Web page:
Bratislava, February 5 (TASR) – Some foreign investors are beginning to realise that Slovakia is no longer a country with cheap labour, Finance Minister Peter Kazimir (Smer-SD) told a news conference on Monday dedicated to presenting the country’s macroeconomic prognosis.
News appeared in late January that South Korean firm Samsung is planning to shift production from Voderady to Galanta (both Trnava region). However, there were also rumours that Samsung would scrap production altogether. “I’m in both formal and informal contact with big employers, and I must confirm that some foreign investors who based their ‘happiness’ solely on a cheap labour force in this country are starting to sober up,” stated Kazimir. However, this isn’t only Slovakia’s problem. “We must take care of labour productivity and quality here in Slovakia,” said the finance minister.
Prime Minister Robert Fico (Smer-SD) also thinks that economic growth can’t be based on cheap labour. “He who wants to build a country’s economic success on cheap labour is laying the foundations for poverty and huge differences. I’m pleased about the existence of cannibalism among companies, as it leads to pressure on salary growth,” said the prime minister, reiterating the Government’s efforts to increase the minimum wage to above €500 as of next year.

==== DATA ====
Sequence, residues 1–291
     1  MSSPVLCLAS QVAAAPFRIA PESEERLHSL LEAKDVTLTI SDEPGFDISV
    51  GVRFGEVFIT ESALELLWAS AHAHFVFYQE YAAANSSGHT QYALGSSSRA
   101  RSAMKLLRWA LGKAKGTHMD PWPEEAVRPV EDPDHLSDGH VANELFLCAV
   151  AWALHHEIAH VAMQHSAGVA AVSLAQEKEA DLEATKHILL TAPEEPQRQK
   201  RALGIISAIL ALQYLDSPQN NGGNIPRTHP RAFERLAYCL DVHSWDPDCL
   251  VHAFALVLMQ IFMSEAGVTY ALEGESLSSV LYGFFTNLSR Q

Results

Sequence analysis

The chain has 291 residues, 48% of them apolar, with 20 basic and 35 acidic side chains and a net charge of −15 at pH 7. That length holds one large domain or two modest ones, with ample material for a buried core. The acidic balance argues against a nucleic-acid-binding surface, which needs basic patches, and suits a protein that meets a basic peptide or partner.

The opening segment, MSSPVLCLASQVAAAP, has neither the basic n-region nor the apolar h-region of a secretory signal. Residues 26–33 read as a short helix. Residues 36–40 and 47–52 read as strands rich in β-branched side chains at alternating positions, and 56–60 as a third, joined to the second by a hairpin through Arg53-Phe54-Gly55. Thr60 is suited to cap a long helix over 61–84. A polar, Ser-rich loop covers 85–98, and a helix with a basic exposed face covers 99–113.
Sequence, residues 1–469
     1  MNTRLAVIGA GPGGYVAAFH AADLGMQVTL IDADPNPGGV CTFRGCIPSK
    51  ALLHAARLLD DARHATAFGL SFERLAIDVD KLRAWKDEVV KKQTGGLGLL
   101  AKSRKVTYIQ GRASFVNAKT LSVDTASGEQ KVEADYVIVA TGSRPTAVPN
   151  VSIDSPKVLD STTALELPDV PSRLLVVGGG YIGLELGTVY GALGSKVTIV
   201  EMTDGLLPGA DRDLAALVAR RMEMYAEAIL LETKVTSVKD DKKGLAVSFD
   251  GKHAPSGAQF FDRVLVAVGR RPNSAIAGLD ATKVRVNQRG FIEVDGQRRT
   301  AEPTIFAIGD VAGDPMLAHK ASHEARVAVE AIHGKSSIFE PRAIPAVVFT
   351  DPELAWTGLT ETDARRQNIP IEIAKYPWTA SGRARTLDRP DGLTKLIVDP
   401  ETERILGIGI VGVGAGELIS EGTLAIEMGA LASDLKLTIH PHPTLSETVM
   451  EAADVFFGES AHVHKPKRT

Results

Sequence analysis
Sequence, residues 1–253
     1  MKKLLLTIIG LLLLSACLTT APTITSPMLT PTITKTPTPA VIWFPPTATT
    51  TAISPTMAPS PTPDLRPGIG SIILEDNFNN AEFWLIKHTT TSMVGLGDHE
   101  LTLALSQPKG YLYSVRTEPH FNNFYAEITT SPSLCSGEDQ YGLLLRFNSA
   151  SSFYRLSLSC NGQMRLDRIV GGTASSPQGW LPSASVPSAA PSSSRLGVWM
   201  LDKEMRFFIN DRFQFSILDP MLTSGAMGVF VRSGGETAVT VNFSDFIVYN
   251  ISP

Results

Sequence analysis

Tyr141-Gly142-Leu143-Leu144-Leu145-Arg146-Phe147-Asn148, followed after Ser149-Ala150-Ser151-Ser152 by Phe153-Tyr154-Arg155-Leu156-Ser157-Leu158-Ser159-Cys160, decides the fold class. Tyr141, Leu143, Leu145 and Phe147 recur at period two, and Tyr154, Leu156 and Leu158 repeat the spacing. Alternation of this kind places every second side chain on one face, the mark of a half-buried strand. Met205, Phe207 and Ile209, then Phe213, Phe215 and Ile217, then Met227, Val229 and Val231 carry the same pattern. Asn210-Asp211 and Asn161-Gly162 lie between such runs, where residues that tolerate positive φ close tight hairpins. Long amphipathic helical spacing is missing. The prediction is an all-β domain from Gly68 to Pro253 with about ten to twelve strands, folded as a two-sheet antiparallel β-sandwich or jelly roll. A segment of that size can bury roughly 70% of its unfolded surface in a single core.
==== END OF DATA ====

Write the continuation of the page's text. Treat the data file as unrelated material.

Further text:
“I am happy that there’s some wage growth. I want salaries to grow at such a pace that we’ll approach the EU average faster than we originally expected. However, I want to guarantee that we’ll take no steps that would threaten Slovakia’s competitiveness,” stressed Fico, adding that he views a lack of labour as a bigger problem than salary growth.
The decision to be made by Samsung should have no major impact on the Slovak economy. “The Voderady plant is a relatively small part of the company and it won’t be shut down, but only shifted to a new locality. Its impact on Slovakia’s economic development is negligible. The given company could have a problem with selling its products, which doesn’t necessarily reflect conditions on the domestic labour market” said Peter Harvan, acting director of the Finance Ministry’s Financial Policy Institute (IFP).